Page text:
Put in place were Covid testing for the cast; thermometer testing for cast, crew and public at each performance; ticket-only admission; the audience placed in socially distanced bubbles. The new normal, in other words.

The council’s later demands over masks and security came after its discussions with Public Health England and the Safety Advisory Group, but what was the difference this time?

City of York Council, in effect, made an admin error, as explained to Lesley Jones by Sarah Stoltz, the council’s director of public health, in an email on June 6. “One of my staff was asked by Trading Standards on 26th May 2021 to provide public health feedback to the Safety Advisory Group (SAG) on the proposals for your event,” she wrote.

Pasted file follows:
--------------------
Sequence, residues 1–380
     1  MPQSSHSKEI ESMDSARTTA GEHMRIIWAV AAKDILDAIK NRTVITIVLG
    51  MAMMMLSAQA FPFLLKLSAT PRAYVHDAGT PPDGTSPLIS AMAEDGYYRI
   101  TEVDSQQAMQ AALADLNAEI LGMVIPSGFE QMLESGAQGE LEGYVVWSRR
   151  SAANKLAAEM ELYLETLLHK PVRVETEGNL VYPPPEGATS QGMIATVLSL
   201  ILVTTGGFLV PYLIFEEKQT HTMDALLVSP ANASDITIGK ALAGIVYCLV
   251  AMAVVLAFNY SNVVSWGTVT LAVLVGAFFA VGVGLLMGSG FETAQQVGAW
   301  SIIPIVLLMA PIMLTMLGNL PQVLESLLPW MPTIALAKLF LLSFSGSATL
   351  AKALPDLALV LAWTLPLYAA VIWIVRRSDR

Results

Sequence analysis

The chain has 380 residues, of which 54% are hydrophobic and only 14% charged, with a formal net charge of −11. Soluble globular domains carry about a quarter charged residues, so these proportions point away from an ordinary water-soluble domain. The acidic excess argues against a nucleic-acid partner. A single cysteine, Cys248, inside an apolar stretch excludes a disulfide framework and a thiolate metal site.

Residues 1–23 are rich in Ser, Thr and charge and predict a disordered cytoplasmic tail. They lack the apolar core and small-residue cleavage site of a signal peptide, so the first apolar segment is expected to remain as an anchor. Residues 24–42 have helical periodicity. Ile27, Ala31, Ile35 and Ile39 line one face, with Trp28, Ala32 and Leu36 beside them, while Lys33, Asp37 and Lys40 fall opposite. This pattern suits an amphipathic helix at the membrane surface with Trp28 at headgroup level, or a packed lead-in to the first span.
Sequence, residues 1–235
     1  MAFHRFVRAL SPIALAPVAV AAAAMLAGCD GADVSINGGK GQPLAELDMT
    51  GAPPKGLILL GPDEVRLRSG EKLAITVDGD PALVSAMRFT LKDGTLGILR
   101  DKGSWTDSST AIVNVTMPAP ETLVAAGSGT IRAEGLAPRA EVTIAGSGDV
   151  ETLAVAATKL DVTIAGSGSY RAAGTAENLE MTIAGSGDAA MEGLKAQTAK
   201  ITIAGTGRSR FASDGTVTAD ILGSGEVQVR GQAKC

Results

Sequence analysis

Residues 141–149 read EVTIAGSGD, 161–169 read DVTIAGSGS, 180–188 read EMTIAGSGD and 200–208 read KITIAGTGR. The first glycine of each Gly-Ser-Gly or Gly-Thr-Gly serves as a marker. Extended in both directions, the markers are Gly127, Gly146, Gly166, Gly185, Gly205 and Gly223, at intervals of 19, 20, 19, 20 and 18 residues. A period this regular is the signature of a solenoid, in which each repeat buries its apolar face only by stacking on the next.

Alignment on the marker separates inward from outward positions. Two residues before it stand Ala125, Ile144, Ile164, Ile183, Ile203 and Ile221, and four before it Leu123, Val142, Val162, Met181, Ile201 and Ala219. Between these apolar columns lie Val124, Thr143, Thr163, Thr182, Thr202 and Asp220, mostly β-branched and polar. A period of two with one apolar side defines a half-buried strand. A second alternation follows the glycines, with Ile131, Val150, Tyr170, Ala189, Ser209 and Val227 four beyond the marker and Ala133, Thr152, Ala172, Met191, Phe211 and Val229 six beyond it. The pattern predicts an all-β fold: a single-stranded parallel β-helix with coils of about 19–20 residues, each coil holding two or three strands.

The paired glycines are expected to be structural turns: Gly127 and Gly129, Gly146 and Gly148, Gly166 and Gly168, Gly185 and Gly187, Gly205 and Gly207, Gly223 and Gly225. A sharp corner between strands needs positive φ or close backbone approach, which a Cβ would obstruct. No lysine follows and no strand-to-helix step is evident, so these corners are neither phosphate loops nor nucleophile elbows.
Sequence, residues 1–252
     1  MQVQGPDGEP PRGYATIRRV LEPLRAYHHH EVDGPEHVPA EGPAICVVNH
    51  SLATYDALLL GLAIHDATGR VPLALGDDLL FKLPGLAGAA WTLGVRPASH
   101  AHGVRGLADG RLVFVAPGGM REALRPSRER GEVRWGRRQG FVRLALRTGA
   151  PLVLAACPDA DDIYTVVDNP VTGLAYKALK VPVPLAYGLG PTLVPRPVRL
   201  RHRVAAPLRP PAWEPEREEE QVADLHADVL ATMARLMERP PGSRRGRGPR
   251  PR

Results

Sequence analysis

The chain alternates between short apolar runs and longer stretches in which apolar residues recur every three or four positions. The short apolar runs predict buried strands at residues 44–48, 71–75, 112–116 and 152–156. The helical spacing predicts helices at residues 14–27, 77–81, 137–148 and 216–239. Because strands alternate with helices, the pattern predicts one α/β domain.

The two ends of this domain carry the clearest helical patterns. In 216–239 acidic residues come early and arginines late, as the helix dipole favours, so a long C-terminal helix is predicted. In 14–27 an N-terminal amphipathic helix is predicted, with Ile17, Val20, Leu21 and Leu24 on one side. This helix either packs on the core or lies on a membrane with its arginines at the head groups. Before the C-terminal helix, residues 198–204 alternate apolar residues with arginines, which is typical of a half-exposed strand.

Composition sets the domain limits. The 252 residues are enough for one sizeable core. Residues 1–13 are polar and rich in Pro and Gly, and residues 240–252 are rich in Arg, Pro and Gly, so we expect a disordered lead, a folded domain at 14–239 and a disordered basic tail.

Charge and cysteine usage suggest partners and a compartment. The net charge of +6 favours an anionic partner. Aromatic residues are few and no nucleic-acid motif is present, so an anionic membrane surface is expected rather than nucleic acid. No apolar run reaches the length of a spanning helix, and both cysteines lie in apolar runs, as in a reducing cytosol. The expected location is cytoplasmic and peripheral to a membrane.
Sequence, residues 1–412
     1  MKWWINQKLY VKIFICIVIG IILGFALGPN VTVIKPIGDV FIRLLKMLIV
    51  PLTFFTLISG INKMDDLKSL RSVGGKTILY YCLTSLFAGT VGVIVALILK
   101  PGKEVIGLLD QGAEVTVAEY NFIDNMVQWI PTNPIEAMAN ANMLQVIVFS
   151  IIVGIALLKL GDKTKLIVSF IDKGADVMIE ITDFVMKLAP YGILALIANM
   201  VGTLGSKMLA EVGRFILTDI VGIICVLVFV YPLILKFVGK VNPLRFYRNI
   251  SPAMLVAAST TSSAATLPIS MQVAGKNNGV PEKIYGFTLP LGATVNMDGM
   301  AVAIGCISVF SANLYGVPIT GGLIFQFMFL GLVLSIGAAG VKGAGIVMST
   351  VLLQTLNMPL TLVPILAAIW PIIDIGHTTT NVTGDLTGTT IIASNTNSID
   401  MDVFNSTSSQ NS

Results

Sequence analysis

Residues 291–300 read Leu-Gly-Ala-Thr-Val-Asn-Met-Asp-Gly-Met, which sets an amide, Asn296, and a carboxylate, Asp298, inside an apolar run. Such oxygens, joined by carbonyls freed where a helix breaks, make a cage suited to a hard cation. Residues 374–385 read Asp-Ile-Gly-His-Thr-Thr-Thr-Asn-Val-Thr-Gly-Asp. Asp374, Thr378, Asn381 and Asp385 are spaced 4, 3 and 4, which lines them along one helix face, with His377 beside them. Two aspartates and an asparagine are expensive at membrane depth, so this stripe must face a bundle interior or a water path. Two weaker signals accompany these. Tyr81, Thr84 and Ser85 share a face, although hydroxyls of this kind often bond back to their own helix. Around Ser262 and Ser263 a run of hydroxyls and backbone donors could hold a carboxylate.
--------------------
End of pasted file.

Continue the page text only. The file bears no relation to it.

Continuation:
“I must stress, here, that the feedback in the email was only intended to be shared with SAG members for them to consider this, along with all the other expert advice from members of SAG, e.g. North Yorkshire Police, so that SAG could make a decision on whether the event should go ahead and what mitigations might need to be in place.

“We are in stage 3 of the government roadmap out of lockdown and so it is entirely appropriate that SAG undertook due diligence on the safety of the event, as happens with all events across York.”

Here comes the crucial part: “But the email was never intended to be shared with you and it did not constitute public health advice to you personally as the organiser; it was feedback to SAG and members would have considered the appropriateness of this feedback in due course,” said the director.

“However, it was shared and unfortunately taken out of context. I understand how angry and frustrated you must have felt in receiving it and can only apologise for the distress this has caused you.”